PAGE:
Kazakh US exhibition banishes country's Borat image
In the 2006 spoof documentary Borat, the eponymous hero travels from Kazakhstan to the US to learn about the American way of life.
Given the subtitle Cultural Learnings of America for Make Benefit Glorious Nation of Kazakhstan, the film is a sometimes funny and often discomforting send-up of American social values.
But many audiences remember more vividly its portrayal of Kazakhstan as a backward nation populated by peasants with little in the way of culture.
So indelible is that image that at a sporting event in Kuwait earlier this year, the film's theme music was accidentally played during the award ceremony instead of the real national anthem of Kazakhstan.
But now that stereotype is being blown apart by an exhibition in Washington DC of ancient treasures that reveal the true "glorious nation of Kazakhstan".
Many of the artefacts comprising Nomads and Networks, on show at the Smithsonian's Freer and Sackler Asian Art galleries, have only recently been discovered and have never before been displayed outside the country.
"Such exhibitions are very important in terms of establishing a national identity and to show Kazakhstan to other people," says Dr Bauyrzhan Baitanayev, Director of the Margulan Institute of Archaeology of the Academy of Sciences in Kazakhstan.
"It's very clear to me that not a lot of people know what Kazakhstan is. In New York, people kept asking me about Pakistan and I had to explain, no, it's another country."
The exhibition aims to dispel the myth that the nomadic horsemen who traversed the Eurasian steppes during the era of the Persian Empire were culturally inferior to other communities that had settled.
The Persians called the nomads Saka and regarded them as fearless warriors. One of the earliest written references comes from the Greek historian Herodotus.
Intricately carved stone rock engravings reveal a communications system that helped the Saka navigate the landscape while ancient burial mounds known as kurgans have yielded exquisite horse decorations in bronze, gold and horn that show a high calibre of craftsmanship.
"We have a popular image of nomads that is no longer accurate," says exhibition curator Alex Nagel. "New research has made clear that nomadic culture was much more complex."
Protected by permafrost
The ability to trace a unique cultural heritage dating to the first millennium BC is important for the fledgling Kazakh nation. Having gained independence from Soviet Russia in 1991, the government is using the nation's treasures to help establish a modern identity.
"And they have the money to do it because of the country's mineral wealth," says Simon Williams, the director of the British Council in Kazakhstan which is close to completing a joint programme to translate museum information into English.
According to the country's Ministry of Culture, there are 136 museums already in Kazakhstan and ambitious plans are under way to build a National Museum in the new capital Astana. The ministry says it will be 85,000 sq m (915,000 sq ft) and the biggest museum in Central Asia.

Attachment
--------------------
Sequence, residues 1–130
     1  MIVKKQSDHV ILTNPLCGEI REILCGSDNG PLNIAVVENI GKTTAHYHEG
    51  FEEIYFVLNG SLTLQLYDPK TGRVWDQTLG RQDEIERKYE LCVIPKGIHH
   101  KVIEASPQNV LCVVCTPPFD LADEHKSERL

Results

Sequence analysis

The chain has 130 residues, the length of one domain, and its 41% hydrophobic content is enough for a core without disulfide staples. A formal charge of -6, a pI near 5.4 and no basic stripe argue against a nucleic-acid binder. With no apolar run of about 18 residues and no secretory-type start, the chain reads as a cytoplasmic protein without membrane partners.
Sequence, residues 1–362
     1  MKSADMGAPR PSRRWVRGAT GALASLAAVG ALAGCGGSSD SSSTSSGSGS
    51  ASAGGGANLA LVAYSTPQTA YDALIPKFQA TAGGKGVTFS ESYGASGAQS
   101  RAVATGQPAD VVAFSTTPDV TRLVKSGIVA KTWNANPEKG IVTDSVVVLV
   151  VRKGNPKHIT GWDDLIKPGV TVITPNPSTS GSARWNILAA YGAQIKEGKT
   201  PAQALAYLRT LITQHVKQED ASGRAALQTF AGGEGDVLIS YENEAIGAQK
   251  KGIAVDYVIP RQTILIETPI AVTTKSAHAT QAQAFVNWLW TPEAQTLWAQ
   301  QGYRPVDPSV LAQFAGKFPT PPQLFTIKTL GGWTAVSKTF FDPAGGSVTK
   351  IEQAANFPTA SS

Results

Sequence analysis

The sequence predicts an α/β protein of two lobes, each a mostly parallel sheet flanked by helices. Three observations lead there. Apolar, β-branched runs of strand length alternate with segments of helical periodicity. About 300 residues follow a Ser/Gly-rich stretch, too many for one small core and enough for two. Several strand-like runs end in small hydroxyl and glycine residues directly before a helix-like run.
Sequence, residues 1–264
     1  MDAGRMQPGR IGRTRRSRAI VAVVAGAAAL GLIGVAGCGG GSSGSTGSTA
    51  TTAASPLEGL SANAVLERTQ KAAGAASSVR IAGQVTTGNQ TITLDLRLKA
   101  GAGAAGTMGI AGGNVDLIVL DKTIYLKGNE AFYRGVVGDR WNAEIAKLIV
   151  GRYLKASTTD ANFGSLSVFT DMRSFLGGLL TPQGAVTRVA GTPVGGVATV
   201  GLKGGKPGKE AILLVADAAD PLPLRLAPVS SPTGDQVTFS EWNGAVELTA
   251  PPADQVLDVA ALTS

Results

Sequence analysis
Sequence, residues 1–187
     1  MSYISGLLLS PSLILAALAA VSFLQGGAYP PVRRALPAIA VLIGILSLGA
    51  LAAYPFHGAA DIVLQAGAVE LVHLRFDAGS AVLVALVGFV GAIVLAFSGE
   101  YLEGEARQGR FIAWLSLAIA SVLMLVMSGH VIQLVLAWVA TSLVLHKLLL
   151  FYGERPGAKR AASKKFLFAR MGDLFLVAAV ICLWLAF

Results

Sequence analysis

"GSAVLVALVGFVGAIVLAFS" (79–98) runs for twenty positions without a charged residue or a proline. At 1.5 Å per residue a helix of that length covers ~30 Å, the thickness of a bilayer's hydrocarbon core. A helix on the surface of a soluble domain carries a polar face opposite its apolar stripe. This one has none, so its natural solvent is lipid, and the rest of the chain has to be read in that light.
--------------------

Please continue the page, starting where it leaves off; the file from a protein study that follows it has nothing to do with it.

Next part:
"The first years following independence were quite rough. People were not getting paid salaries and no attention was paid to research," says Dr Roza Bektureyeva, Director of Kazakhstan's Museum of Archaeology.
"But in the last few years the state has paid a great deal of attention to the development and funding of science."
That has enabled much of the recent excavation work to be carried out by graduates from universities in Kazakhstan - work that was once done by Russian archaeologists.
And there is a lot more to discover. Much of the country's antiquity has been protected by permafrost which scientists exploit to preserve the treasures they find. Frozen blocks of earth are taken to refrigerated laboratories for further examination.
In this way, fragile materials, such as an embroidered saddle cloth remain in excellent condition with the red pigments used in the vegetable dyes still plainly visible.
The relationship between man and horse is a central theme of the exhibition that often raises more questions than it answers.
For instance, mystery surrounds a series of raised bronze trays studded with miniature animals. One in particular features a human figure kneeling in front of a horse that in turn bows its head. The two appear to be in silent communion, connected by a spiritual bond.
"We're still trying to figure its original function - maybe an incense burner," speculates Mr Nagel. "But nobody really knows."
The ancient Kazakhs were heavily dependent on their horses, using horse bones to construct houses and drinking mares' milk to survive. And horses are still important today.
"Many of these objects remain the symbols of independent Kazakhstan and this research has really helped us form our modern identity," says Dr Bektureyeva.
"There was a theory that the Saka, the ancient warriors, were barbarians - but they had a great culture and it's important to present that," says Dr Baitanayev.
"We can judge whether or not they were barbarians by looking at this wonderful and unique collection. American visitors will be able to draw their own conclusions about the history and culture of Kazakhstan."
But will it be enough to banish the legacy of Borat?
"There is no comparison," says Dr Baitanayev angrily. "It's not even a subject for conversation."